Did I mention that I’m going to another boot camp for writers? I guess I like being a grunt and going back for more.The Basic Boot Camp, or BBC, took place in October 2010 and the one I’m taking in late March is an advanced BC ( cue the horn for a rousing blast of celebration). A couple of weeks before BBC we submitted ten pages of a manuscript in progress or from a completed manuscript.
During the three day critique and write fest we used two books, “Stein on Writing” and “Self Editing for Fiction Writers,” by Renni Browne and Dave King. I swear I read most of both books before we started BBC, but after the first critique I knew I was in the running for Poster Child of Brown’s Chapter 11: Sophistication. Now this sounds like a good thing-it is NOT.
In writing, a few stylistic tricks lend sophistication to your writing. Two of the big no-no’s if you want to appear ‘sophisticated,’ is the avoidance of the ‘as’ construction and ‘-ing’ additions:
As she… and
Pulling off her dress…
Chapter 11 also cautions the writer to avoid -ly adverbs and exclamation points. It might be permissible to have one adverb per page but only one exclamation point per novel.
Now I’ve seen these no-no’s used many times and that’s the point, they are overused, abused, and now no good for novice writers to use. Our BBC instructor cried out “Hack, hack, hack,” when she heard the grunts using these devices.
“But best selling author’s use them…” someone’s voice whimpered.
“Are you a best selling author?” was the response.
That night, after BBC, I spent an hour on my ten pages, cleaning up my non-sophisticated ways and went to day 2. After the second critique, our instructor smiled and said I had a ‘point of view’ problem, didn’t I read Chapter 2 of Brown and Chapter 13 of Stein? I’m not easily frightened but I did laugh out of nervousness. She showed me where I moved out of one characters head and spoke out of another one’s body. Once it was pointed out I could see it (at that precise time, because I’ve submitted more work since then, and it has pov scribbled on several pages). Before the day was up each person wore the non-sophistication crown or was the POV queen. It was not all good.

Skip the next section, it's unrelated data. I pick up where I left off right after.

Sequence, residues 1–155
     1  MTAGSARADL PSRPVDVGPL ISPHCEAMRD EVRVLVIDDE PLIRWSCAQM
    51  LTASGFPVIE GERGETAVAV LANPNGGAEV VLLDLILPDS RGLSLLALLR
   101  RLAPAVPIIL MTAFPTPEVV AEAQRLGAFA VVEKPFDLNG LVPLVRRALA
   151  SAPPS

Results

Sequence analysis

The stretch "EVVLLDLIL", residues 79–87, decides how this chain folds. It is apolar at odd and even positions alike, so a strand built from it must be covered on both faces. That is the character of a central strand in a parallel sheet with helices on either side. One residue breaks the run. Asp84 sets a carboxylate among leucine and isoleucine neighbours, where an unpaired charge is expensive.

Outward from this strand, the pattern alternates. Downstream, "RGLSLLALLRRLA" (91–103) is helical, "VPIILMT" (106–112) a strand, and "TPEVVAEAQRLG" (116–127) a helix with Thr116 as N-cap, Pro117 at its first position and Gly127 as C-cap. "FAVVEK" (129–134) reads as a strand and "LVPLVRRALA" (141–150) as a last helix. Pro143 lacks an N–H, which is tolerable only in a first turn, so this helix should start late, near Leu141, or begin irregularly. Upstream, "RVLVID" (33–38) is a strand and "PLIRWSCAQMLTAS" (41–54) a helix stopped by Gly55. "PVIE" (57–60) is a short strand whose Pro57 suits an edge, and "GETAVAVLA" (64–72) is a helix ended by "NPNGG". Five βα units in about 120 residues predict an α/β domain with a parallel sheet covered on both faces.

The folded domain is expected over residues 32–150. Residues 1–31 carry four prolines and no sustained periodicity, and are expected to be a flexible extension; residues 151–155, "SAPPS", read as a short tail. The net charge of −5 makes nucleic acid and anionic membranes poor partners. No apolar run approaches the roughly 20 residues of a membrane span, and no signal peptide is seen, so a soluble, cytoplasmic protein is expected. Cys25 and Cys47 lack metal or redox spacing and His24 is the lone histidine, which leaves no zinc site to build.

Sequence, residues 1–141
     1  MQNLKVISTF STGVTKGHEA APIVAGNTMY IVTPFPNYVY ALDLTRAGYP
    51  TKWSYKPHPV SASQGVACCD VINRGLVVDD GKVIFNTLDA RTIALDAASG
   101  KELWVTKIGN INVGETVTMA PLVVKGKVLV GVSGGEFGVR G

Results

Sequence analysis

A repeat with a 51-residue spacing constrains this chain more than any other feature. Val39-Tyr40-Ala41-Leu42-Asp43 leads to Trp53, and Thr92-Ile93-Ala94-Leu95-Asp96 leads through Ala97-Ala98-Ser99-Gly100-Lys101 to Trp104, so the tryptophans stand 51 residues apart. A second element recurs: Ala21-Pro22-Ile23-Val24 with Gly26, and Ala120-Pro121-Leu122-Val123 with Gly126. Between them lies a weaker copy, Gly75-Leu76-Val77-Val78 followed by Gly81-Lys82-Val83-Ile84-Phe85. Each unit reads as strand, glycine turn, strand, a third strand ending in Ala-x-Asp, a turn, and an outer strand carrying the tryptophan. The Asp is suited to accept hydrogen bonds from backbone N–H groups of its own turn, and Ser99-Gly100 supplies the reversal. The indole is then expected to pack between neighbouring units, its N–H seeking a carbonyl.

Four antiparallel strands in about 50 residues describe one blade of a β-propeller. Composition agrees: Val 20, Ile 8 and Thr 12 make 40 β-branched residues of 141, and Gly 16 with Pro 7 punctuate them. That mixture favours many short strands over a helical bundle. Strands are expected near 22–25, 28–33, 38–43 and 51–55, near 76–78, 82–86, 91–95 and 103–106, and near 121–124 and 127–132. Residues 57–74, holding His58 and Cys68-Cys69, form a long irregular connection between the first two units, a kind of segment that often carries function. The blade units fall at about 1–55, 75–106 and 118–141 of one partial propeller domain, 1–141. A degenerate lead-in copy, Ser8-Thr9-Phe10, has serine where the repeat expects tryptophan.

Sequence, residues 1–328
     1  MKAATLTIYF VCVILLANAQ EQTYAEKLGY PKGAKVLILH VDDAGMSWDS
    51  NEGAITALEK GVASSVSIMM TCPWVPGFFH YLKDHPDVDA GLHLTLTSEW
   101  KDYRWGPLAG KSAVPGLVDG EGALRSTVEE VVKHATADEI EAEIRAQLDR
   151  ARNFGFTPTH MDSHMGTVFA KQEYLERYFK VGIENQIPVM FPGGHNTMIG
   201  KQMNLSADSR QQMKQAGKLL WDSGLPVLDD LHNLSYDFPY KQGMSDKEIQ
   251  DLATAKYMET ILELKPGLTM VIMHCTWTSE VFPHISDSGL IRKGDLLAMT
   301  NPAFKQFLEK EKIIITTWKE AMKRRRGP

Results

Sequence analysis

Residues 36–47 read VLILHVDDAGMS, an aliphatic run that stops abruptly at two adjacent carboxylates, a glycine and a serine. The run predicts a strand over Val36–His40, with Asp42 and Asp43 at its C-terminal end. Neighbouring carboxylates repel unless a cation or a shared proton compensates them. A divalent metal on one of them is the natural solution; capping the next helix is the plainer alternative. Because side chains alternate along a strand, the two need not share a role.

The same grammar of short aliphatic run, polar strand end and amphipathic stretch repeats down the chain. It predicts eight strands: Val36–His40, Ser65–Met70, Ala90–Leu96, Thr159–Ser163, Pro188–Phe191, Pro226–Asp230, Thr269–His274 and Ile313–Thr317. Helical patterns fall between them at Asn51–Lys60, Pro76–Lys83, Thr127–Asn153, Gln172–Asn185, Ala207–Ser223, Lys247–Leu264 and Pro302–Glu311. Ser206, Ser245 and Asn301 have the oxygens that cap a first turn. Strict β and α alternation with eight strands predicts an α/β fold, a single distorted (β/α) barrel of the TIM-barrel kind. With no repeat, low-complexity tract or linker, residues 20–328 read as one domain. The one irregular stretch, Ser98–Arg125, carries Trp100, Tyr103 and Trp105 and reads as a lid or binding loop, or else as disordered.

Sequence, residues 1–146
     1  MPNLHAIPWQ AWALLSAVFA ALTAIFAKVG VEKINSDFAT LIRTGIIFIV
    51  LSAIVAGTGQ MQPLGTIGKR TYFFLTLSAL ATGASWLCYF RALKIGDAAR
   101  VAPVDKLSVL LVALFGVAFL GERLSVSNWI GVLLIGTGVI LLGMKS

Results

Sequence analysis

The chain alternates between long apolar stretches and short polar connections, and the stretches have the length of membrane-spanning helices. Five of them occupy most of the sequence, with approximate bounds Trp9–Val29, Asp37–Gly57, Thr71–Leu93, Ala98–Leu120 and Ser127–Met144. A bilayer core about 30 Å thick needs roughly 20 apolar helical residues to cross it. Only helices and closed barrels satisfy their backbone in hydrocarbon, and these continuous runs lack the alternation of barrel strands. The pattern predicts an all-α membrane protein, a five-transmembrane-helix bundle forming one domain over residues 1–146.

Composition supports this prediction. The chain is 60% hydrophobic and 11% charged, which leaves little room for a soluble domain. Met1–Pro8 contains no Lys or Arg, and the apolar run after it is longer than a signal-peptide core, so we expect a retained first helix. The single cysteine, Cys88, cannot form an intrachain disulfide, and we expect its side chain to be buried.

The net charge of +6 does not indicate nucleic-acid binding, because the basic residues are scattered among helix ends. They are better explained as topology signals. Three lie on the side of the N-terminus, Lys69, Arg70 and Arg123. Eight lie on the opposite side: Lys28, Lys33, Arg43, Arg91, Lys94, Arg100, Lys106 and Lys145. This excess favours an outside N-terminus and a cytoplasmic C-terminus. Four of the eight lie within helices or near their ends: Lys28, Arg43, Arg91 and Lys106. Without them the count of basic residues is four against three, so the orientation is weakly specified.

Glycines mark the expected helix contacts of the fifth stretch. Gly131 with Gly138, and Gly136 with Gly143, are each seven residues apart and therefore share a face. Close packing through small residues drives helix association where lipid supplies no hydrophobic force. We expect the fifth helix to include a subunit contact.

One the third day we spent time on Chapter 2 of Brown’s book. A new phrase entered our writer’s language: RUE- Resist the Urge to Explain. This means when the writer describes a character’s emotion when he/she has already shown it by dialogue and action. The writer comes off as explaining too much to the reader as if he/she doesn’t get the point. If the emotion is shown, the explanation isn’t needed. Made sense.
My personal choice for best of the two is Stein on Writing, as my dogeared text can attest. It’s a large book but useful to have in your arsenal. The glossary of editor and writer terms in the back are handy and there is a chapter on “Triage-A Better way of Revising Fiction.”
It has been two hours since I sent in my 10 pages for the Advanced BC. I await the red line edits and brace myself for more critiques and comments. It’ll be fine, unless the instructors spring more books on writing on us. I can only wear so many crowns.